A third of the way into Adam Green’s set, an audience member who had been mimicking the performer’s Snoopy-on-roller skates dancing felt compelled to issue a demand. “Look at me!” he screamed as his embarrassed companion edged her way into the shadows. “Hey everybody, can you see me?” Green, in the midst of mechanically thanking us for skipping the Super Bowl to jump on the PATH and trek out to New Jersey, suspended his monologue and blinked for what might have been the only time all night. He looked dumbstruck—but only half has much as the audience members, many of whom turned around to glare. Maxwell’s got silent for a moment as time, in one of those car accident-like moments, accelerated to a stop that lasted just long enough for each of us to die several shame-induced deaths on behalf of our loud-mouthed interloper.
1 Feb 2004: Maxwell's Hoboken, New Jersey
Moments like these are rare during a performance of any sort, but they are even rarer at indie rock shows. Just a guess, but they probably never happen to Adam Green. Sure, it was a staccato glitch in the forward momentum of the evening—like a record skipping or a stick becoming lodged in the spokes of a bike—but it was just enough to throw much of what was going on into brief flux. This is because people watch Adam Green for different reasons than they watch anyone else for. When a band takes the stage, the audience presents the illusion that it must be won over; the instant the lights flicked on to reveal a smiling Green greeting us into the microphone, we knew implicitly that he had already won. Or, possibly, we knew that he didn’t care to win. He stared out at us doe-eyed, unflinching, crooning his dirty kindergarten-rug songs about cunts and the art of seducing amputees. Between verses, he twirled his arms and lost himself in gleeful, awkward dances. Between songs, he spoke little because talking wasn’t necessary. Until that outburst from the crowd, it had never occurred to any of us that we should be—could be—doing anything other than watching Adam Green as he refused to doubt whether or not he had the right to be onstage.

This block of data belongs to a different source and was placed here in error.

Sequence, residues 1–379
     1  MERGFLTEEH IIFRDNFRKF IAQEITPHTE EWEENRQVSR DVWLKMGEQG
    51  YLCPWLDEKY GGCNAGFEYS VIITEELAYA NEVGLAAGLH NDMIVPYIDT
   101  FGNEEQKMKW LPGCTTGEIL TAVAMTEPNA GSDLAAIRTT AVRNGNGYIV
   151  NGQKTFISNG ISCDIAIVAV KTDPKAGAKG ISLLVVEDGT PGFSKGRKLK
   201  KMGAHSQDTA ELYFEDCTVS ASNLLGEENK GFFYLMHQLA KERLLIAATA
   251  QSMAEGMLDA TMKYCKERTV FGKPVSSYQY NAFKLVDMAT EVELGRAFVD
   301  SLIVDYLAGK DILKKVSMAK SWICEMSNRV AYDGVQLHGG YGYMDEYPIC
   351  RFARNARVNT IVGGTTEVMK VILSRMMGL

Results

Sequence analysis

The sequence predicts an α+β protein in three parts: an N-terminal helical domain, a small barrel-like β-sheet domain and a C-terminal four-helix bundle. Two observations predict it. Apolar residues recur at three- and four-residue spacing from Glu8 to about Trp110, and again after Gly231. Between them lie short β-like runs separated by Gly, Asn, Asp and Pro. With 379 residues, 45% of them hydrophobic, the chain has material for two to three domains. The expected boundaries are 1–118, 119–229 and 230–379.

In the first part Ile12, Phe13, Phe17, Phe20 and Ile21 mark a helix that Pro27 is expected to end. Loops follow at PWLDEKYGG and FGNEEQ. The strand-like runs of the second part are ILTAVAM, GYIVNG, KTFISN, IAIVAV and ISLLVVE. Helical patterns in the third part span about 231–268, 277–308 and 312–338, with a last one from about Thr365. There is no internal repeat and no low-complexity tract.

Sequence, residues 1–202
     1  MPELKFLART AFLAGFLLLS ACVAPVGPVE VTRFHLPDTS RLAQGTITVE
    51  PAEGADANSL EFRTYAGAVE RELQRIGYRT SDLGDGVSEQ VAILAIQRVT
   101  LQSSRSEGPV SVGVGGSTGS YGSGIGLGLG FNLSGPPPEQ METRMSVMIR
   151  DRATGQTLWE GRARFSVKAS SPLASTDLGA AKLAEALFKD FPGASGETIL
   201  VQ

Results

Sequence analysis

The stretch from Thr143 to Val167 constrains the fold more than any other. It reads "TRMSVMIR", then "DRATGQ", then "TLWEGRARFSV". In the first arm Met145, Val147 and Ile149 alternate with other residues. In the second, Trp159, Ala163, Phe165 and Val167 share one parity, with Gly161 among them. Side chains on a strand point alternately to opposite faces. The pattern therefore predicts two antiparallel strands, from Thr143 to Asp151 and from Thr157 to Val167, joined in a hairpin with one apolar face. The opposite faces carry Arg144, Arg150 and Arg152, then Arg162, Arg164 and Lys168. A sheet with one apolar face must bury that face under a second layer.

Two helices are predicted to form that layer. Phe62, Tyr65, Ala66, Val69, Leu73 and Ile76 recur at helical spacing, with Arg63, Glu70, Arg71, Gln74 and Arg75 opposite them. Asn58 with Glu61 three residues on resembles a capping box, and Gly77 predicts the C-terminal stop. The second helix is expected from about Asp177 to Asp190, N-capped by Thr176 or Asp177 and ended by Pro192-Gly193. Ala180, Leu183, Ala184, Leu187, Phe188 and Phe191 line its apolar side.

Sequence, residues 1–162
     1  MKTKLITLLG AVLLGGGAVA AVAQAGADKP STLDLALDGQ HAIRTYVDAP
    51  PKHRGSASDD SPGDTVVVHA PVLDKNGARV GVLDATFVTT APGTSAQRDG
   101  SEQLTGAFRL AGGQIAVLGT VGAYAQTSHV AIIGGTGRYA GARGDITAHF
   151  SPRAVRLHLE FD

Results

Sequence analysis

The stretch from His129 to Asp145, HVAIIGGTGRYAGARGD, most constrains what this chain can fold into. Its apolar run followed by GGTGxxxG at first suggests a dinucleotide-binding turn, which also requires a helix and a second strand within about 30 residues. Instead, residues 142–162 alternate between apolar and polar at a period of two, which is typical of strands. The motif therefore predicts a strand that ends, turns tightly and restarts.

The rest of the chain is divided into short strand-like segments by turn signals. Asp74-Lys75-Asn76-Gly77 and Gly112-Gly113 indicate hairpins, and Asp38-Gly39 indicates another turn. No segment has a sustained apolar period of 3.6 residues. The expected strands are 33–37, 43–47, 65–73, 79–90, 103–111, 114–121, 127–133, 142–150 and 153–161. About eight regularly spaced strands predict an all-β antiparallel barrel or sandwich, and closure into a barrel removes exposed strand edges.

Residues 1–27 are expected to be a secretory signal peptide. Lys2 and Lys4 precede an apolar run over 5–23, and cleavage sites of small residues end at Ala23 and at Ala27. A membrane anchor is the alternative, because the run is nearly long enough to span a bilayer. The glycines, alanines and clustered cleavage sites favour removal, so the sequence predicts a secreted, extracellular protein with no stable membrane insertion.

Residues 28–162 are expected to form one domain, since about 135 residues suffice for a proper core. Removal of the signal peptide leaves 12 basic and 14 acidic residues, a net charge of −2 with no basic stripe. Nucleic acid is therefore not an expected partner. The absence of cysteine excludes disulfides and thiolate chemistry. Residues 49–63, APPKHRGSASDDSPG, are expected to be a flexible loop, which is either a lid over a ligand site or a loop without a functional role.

Which is strange, because beyond his voice there was nothing particularly commanding about his presentation or demeanor. His hair was shabby and mussed as if he had just cut it himself with a dirty mirror in a dimly lit room. He wore a taupe sports coat, draped over a V-neck T-shirt, with sleeves too short and shoulders too wide. But though he looked the part of a slummy downtowner there to bore us with his talent deficiencies, his voice had the fullness and polish to carry the songs more or less unadorned. The band assembled behind him was bare-bones, consisting of a bassist, drummer, guitarist and keyboardist. A welcome departure from the saccharine orchestral flourishes of his post-Moldy Peaches solo record, Friends of Mine, the backing musicians gave Green’s voice plenty of room to stand on its own.
The show managed to assuage my suspicions that Green’s appeal lay in the cognitive dissonance between the preciousness of his music and the vulgar absurdity of his lyrics. It does feel mildly naughty to hear him sing, “she was a man with herpes,” over an arrangement that could just as easily be on Nick Drake’s Bryter Later. But irony this obvious is barely irony, and anyway it doesn’t explain the doting young fans professing their love—literally: “We love you Adam!” they kept shouting, with total earnestness. And it also doesn’t explain the believability of his cover of the Boss’ “Born to Run”, which he used to close out the show. As we all know, covers are a tricky business in indie rock. Other than Yo La Tengo dredging up record geek obscurities that are sure to have no cultural context, most covers elicit a “Do they mean it or not?” response from the crowd. But Green, by softening his gaze and allowing his face to not be blank, cut through those layers of doubt. He had fun as he yelped out the song’s lines, especially the one about the ever-lasting kiss. It was proof, should any have been needed at that point, that he had every right to be on that stage.
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